A roll-back of monetary policy by the Chinese authorities would not pull money from Thailand or force the government to raise the policy rate, Finance Ministry spokesman Ekniti Nitithanprapas said yesterday.
He said interest rates were just one factor influencing fund mobility, and so far there had been no irregularities in the baht exchange rate.
Moreover, Thailand is in a different context from China, where loan growth is as high as 40-50 per cent and property prices are at an exorbitant level.
“Thailand has no need to raise its interest rate. China, meanwhile, made the right move. It has witnessed significant loan growth and there are some signs of a property bubble. The higher rate will also help the global economy to contain the problem at home,”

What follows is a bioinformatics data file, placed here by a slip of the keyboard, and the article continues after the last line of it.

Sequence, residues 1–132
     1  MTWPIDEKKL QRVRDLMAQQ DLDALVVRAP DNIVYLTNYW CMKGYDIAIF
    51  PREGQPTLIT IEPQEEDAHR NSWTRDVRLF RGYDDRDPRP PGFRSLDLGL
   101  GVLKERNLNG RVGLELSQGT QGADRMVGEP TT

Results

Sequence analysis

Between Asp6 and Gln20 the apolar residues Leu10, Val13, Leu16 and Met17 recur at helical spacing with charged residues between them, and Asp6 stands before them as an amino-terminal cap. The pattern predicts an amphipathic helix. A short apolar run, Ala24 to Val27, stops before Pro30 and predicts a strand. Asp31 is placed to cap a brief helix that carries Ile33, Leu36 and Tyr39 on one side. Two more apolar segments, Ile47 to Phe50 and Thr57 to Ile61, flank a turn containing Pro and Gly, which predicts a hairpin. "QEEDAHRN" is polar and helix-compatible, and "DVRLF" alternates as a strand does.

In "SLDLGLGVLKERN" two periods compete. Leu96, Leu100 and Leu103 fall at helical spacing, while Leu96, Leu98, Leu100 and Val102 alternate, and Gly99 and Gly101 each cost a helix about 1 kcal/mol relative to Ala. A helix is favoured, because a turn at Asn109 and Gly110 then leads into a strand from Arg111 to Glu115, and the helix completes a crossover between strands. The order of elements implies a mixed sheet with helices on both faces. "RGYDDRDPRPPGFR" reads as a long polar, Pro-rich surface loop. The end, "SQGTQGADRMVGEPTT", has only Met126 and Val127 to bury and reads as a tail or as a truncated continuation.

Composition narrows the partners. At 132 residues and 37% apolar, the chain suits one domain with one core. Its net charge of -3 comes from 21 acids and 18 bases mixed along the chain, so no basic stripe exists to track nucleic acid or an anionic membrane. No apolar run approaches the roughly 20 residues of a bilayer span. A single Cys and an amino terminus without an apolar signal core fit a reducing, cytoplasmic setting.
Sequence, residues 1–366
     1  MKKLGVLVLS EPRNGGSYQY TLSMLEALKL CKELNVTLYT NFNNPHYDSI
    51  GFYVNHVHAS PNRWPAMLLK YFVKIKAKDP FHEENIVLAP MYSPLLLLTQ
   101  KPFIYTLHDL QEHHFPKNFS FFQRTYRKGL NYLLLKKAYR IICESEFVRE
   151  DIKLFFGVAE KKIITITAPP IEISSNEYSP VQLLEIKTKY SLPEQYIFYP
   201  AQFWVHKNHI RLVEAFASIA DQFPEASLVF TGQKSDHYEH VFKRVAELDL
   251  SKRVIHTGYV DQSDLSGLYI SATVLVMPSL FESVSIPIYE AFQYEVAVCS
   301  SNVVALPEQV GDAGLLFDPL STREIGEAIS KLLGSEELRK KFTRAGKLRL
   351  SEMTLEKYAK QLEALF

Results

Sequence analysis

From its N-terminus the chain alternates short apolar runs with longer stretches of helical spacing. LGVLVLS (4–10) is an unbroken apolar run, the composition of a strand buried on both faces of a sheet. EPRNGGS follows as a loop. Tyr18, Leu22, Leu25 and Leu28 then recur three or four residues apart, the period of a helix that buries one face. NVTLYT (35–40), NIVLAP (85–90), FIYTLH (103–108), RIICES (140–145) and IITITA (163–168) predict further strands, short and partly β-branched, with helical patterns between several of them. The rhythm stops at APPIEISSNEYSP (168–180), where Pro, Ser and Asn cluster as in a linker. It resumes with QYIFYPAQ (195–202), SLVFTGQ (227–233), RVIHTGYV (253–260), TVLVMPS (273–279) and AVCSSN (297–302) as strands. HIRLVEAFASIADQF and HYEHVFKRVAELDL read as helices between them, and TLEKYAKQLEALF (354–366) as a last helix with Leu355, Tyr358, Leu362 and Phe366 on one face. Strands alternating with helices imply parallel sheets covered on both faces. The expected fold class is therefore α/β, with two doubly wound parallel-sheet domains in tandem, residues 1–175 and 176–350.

Kasikorn Research Centre said it expected the Bank of Thailand's Monetary Policy Committee to maintain the policy rate at 1.25 per cent at the first 2010 meeting next Wednesday.
Though inflation is on the rise, the comparison is with the low base last year. Meanwhile, Thailand is undergoing several economic challenges, it said.
Yesterday, Chinese yuan forwards rose to the highest level in more than a month on speculation the central bank will resume appreciation of the currency this year as China’s exports rebound from a slump.
China signalled yesterday it is starting to unwind monetary stimulus measures to curb asset-price inflation, after the central bank sold three-month bills at higher interest rates for the first time in 19 weeks.